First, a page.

- Sixth (1939) - a symphony without a conventional opening movement, its style resembles the Fifth's but it is much less well known.
- Seventh (1941) - "Leningrad" - composed during the siege of Leningrad during World War II, it is the longest of the symphonies and was briefly very popular in the U.S. as the embodiment of the fighting Russian spirit, but it has been little heard since. Contains much of interest, but is best known for one episode, in which a jaunty, somewhat sinister tune is repeated over and over, getting louder each time, in the manner of Maurice Ravel's Bolero. Bela Bartok parodied this movement in his Concerto for Orchestra.
- Eighth (1943) - an extraordinarily sombre war symphony of great length. Its most remarkable moment is a scherzo depicting the rattle of machine guns with deadened strings and sudden trumpet calls.
- Ninth (1945) - Shostakovich avoided the traditional peroration Ninth Symphony, and demands for a colossal victory celebration, with this small-scale work. Despite its serious moments, much of it is light and cheeky in the manner of the First.
- Tenth (1953) - Often considered his masterpiece, it mixes a harrowing scherzo with serious movements evolving the DSCH theme. The finale, however, is often seen as frivolous, dodging many of the questions posed by the earlier movements.
- Eleventh (1957) - "Year 1905" - Purportedly a protesting depiction of the 1905 Winter Palace massacre, it is taken by Volkovites to protest the 1956 Soviet invasion of Hungary instead. Criticized by some for its simple construction and film music style, it has been praised by others for its strong emotional effect. Includes a harrowing musical depiction of the massacre itself.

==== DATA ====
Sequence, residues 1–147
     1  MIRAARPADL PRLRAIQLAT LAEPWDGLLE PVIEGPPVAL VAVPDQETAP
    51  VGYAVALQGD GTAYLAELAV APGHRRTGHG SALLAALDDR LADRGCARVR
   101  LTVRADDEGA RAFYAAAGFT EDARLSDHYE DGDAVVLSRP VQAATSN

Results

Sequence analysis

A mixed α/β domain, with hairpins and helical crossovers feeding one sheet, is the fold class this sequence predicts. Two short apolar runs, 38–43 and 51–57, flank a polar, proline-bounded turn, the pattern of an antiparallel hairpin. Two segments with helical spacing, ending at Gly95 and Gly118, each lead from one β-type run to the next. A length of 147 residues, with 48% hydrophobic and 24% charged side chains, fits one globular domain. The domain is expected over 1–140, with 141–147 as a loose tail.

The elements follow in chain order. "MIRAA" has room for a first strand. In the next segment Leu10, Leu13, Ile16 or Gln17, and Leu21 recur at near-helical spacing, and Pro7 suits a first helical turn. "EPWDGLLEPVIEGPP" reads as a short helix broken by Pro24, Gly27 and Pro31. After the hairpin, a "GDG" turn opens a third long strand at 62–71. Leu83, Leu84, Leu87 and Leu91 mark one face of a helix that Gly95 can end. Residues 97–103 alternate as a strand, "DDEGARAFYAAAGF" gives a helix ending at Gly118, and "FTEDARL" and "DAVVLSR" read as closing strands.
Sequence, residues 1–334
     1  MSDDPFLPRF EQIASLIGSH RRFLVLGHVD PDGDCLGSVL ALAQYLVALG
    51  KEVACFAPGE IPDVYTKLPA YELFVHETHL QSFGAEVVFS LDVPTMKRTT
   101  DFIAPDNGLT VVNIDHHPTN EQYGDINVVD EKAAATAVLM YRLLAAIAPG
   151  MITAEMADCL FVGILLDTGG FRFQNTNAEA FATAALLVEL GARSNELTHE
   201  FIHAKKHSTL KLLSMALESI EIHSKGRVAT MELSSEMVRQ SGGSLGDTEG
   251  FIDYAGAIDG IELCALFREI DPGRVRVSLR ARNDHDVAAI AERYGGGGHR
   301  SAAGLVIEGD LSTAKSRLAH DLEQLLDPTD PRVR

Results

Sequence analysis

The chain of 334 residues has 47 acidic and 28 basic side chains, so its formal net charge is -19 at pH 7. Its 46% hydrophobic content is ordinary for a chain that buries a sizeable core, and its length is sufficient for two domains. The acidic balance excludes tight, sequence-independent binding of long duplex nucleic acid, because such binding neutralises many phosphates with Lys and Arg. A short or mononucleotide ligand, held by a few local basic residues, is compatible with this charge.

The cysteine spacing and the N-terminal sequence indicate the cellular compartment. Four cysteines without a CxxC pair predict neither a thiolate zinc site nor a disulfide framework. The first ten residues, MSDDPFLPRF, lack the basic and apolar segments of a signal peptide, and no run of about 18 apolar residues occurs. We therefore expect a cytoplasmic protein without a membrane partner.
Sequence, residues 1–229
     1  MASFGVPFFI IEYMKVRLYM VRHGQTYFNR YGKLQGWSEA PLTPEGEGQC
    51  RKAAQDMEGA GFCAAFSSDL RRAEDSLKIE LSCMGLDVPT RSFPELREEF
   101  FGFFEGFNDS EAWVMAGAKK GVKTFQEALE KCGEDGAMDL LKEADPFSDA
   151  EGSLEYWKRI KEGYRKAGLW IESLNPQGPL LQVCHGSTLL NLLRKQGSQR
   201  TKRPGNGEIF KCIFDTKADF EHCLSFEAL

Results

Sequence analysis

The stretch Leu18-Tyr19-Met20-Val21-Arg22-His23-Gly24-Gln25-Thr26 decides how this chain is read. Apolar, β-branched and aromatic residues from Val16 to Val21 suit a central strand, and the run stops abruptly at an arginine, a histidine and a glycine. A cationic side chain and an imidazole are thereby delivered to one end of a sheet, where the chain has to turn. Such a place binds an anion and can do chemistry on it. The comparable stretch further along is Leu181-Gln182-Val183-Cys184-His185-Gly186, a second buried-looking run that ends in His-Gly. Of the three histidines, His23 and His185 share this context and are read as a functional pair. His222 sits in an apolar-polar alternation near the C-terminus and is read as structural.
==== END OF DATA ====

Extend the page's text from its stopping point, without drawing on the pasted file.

- Twelfth (1961) - "Year 1917" - in the vein of its predecessor, but generally considered much less successful.
- Thirteenth (1962) - "Babi Yar" - more of a song cycle than a symphony, it is a vocal setting of poems by Yevgeny Yevtushenko on the WW II Babi Yar massacre and other topics. Released during a thaw in Soviet censorship.
- Fourteenth (1969) - decidedly a song cycle rather than a symphony, it uses a small orchestra and sets 14 poems of death, by various authors.
- Fifteenth (1971) - after such knowledge as the Fourteenth, what sequel? Also for a small orchestra, with a complex but quiet percussion battery, it is filled with cryptic allusions to music of Gioacchino Rossini and Richard Wagner.